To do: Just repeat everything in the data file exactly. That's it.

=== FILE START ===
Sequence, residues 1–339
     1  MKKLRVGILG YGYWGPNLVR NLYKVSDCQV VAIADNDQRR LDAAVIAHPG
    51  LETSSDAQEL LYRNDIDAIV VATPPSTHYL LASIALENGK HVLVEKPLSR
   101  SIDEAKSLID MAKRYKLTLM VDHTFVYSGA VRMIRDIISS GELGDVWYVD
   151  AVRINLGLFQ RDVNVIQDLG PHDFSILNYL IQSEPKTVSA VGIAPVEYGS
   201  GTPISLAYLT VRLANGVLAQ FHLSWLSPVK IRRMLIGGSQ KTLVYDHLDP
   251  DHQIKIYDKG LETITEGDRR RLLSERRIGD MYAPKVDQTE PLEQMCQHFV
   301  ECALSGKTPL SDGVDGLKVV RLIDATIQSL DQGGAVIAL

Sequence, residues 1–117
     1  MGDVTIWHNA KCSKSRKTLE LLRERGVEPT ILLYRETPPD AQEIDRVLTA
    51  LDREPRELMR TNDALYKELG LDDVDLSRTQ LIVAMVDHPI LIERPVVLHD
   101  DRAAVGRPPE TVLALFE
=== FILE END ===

Sequence, residues 1–339
     1  MKKLRVGILG YGYWGPNLVR NLYKVSDCQV VAIADNDQRR LDAAVIAHPG
    51  LETSSDAQEL LYRNDIDAIV VATPPSTHYL LASIALENGK HVLVEKPLSR
   101  SIDEAKSLID MAKRYKLTLM VDHTFVYSGA VRMIRDIISS GELGDVWYVD
   151  AVRINLGLFQ RDVNVIQDLG PHDFSILNYL IQSEPKTVSA VGIAPVEYGS
   201  GTPISLAYLT VRLANGVLAQ FHLSWLSPVK IRRMLIGGSQ KTLVYDHLDP
   251  DHQIKIYDKG LETITEGDRR RLLSERRIGD MYAPKVDQTE PLEQMCQHFV
   301  ECALSGKTPL SDGVDGLKVV RLIDATIQSL DQGGAVIAL

Sequence, residues 1–117
     1  MGDVTIWHNA KCSKSRKTLE LLRERGVEPT ILLYRETPPD AQEIDRVLTA
    51  LDREPRELMR TNDALYKELG LDDVDLSRTQ LIVAMVDHPI LIERPVVLHD
   101  DRAAVGRPPE TVLALFE